• In September 2017, the Island was struck by two hurricanes—Irma and María—that caused catastrophic damages.13 This interrupted production and billions of dollars were received from the federal government to mitigate damages and rebuild infrastructure.
  • A series of earthquakes affected Puerto Rico in January 2020.
  • Since March 2020, the Island has been affected by the COVID-19 pandemic.


As discussed above, Puerto Rico is only included in the subnational index for the United States. The standardized scores on each variable are determined in part by the minimum and maximum values in a fixed base year (2005).14 Since we do not have data for Puerto Rico for that year, including this data in the index does not affect the scores of the 50 US states. The preliminary results rank Puerto Rico at 51st overall in this year’s index, with a score of 2.04, based on data for fiscal year 2020. For comparison, the next lowest are New York at 50th with 4.25 and California at 49th with 4.59 (figure 3.1). Florida was the highest with 7.94.

Puerto Rico also ranks 51st in all three Areas of the index. As table 3.1 shows, the Island is 51st on four of the ten variables, tied for last on three others, and 36th, 46th, and 1st on the other three.15 Looking further back, Puerto Rico is 51st in all five years. The Island’s overall score declined steadily from 1.98 in 2016 to 1.14 in 2019, though its score of 2.04 for 2020 represents a substantial increase from that of 2019. The Island was 51st on all three Area scores for all but the first year of our data (2016), when it was 50th in Area 1, followed by Alaska.

Given Puerto Rico almost certainly scores well behind the United States on rule of law and related variables that we do not include in the subnational index, the preliminary scores understate the gap between Puerto Rico and the other US states in economic freedom.16 The subnational indexes do not contain explicit data on the rule of law and other key measures, which are assumed to be roughly the same within each nation, though that assumption does not hold for Puerto Rico. For that reason, Puerto Rico is not included in the all-government index, which has national-level variables for Canada, Mexico, and the United States.

Going forward

In the process of incorporating the Island in the report this year, ideas to increase the accuracy and adjust Puerto Rico’s presence in the report began to emerge. Among the possible courses of action are, in general: (a) expand data collection to complement the absence of information on Puerto Rico in world indexes and reports; and (b), as F. McMahon suggested (personal communication, December 14, 2021), construct a scalar for Puerto Rico from the international data that includes the Island. On this, McMahon specifically proposed the following:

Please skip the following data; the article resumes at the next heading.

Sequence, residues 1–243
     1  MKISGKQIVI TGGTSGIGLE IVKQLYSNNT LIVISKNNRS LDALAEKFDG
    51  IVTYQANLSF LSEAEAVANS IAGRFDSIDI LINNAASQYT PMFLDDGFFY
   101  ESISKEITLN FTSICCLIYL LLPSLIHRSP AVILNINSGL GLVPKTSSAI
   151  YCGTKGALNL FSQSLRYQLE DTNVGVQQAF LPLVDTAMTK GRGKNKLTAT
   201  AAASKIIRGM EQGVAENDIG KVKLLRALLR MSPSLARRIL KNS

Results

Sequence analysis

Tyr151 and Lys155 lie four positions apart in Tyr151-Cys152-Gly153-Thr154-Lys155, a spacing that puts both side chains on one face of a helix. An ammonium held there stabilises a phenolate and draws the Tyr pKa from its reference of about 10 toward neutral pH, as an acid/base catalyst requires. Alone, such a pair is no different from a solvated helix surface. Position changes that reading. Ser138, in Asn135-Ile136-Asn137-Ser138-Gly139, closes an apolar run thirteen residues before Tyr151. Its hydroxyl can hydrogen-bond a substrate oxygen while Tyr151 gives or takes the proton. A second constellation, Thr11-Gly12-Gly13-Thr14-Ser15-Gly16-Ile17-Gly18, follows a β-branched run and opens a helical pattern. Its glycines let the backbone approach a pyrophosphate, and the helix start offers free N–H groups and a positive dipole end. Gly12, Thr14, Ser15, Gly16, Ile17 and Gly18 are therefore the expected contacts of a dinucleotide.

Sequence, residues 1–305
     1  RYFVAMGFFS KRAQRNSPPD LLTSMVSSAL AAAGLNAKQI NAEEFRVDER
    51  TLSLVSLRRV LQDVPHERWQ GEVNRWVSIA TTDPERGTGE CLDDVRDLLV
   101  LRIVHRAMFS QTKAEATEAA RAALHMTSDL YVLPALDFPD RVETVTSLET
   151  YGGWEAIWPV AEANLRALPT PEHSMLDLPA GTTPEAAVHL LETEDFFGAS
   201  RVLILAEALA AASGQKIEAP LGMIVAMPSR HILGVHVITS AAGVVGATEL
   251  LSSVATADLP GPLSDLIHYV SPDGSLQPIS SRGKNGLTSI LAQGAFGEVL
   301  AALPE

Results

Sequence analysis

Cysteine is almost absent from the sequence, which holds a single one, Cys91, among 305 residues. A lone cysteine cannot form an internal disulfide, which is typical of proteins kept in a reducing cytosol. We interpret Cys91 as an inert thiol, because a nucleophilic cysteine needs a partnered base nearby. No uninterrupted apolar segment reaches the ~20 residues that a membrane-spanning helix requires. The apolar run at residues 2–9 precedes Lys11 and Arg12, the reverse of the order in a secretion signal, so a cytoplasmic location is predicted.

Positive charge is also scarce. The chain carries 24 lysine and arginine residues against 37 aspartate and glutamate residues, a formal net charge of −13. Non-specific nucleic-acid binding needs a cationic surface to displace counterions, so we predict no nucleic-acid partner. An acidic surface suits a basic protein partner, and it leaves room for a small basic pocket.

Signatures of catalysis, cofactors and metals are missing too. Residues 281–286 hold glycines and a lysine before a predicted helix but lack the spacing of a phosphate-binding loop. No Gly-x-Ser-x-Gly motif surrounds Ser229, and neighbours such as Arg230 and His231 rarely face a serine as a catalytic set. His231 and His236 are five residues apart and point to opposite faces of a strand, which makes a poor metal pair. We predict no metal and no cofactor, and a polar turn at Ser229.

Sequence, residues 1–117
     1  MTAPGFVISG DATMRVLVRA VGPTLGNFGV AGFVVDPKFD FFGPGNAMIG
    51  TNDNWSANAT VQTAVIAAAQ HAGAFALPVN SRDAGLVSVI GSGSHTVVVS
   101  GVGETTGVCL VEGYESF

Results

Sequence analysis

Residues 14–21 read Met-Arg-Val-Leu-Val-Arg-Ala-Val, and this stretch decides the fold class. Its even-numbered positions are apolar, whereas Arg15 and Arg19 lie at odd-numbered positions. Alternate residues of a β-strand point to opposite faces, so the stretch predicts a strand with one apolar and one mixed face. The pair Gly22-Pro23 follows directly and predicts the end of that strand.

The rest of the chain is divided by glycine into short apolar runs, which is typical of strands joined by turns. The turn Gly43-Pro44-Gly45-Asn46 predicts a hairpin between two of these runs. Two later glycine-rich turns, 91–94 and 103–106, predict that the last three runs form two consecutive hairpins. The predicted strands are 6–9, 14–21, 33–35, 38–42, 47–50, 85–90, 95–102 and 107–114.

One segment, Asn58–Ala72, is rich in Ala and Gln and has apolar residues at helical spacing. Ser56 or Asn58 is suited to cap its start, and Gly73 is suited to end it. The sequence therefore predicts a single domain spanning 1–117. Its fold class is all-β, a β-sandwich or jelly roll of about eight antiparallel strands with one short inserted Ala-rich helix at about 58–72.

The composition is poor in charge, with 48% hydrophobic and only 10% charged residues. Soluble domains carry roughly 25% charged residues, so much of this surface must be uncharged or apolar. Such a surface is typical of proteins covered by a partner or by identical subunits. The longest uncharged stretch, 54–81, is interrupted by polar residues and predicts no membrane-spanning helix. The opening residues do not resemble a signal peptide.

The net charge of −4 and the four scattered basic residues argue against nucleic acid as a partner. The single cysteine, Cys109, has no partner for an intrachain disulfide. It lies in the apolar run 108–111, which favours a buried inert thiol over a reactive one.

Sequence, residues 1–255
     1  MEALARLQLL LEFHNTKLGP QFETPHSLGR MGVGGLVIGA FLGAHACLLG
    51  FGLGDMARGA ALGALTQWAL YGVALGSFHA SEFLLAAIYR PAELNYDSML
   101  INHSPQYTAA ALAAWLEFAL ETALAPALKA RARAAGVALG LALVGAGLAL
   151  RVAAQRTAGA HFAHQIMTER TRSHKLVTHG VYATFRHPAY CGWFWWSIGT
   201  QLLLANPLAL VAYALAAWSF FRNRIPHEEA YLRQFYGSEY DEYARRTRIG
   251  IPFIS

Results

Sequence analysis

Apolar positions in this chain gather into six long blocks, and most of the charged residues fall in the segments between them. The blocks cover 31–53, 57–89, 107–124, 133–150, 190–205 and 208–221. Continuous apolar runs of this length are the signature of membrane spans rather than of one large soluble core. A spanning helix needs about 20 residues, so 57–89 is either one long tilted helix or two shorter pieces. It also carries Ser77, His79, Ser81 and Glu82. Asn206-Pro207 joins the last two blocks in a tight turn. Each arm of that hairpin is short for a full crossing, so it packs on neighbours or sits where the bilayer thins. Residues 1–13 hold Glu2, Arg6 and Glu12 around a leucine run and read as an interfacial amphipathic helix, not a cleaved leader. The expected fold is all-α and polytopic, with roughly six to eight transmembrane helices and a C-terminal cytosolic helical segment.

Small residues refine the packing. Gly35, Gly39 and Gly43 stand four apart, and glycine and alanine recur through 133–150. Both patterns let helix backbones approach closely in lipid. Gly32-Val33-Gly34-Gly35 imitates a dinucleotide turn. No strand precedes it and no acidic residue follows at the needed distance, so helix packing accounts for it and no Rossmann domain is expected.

• Calculate Puerto Rico’s scores for Area 2: Legal System and Property Rights in Economic Freedom of the World and other scores related to the rule of law in Area 4: Freedom to Trade (for example, non-tariff trade barriers, which may be a screen for corruption) and Area 5: Regulation (for example, extra payments), if enough data are available.
  • Develop a ratio between the available relevant US and Puerto Rican scores and apply this ratio to relevant variables; this has several difficulties and two approaches:
    • Develop an overall ratio to be applied to the overall score leaving the individual variables blank.
    • Apply the ratio directly to the variables with data (if enough exist) and the others could be left blank or an overall ratio could be applied to them;17 ergo, if the Puerto Rico score on the based variable is 2/3 of the United States score, then the relevant variables from Economic Freedom of the World would be multiplied by 2/3 to get an estimate for the federal government part of Puerto Rico’s score for Economic Freedom of North America. (Personal communication, August 30, 2022).

Additional data could show if the situation of economic freedom in Puerto Rico is even more precarious than what is reflected in this year’s report and, thus, if the Island received a higher score than it should (J. Torra, personal communication, August 29, 2022). If this were the case, Puerto Rico’s score and rank in the future would show the true size of the gap between the Island and the US states. These and other possible courses of action will be analyzed and determined in due course for Economic Freedom of North America 2023.

Effects of the lack of economic freedom in Puerto Rico

As hundreds of independent research papers have found, economic freedom tends to be positively associated with a variety of positive economic outcomes, including the level and growth of income. The lack of economic freedom in Puerto Rico stands at the center of the main socioeconomic issues facing its residents. For the last 70 years, Puerto Rico has had poor economic growth relative to the United States; and the gap between the Island and the US states has become increasingly wider. The expectation of converging with the richest jurisdictions in the United States did not materialize; on the contrary, instead of a convergence there has been a divergence—a distancing of the economy of the Island from that of the US states.

Puerto Rico has not been able to close the gap even with the poorest US states. The US Census Bureau (2021) reports that 43.4% of the people in Puerto Rico live in poverty while the official United States poverty rate was 11.4% in 2020 (Shrider, Kollar, Chen, and Semega, 2021). Mississippi, the poorest state, has a poverty rate of 18.7%, less than half of Puerto Rico’s (US Census Bureau, 2021). Puerto Rico’s percapita income of $13,318 in 2020 is barely half of Mississippi’s $25,444 (US Census Bureau, 2021, 2021). Additionally, with a Gini Index of 0.5448, the Island’s income inequality is higher than that of any state, and of the District of Columbia, which is second with 0.5212 (US Census Bureau, 2020).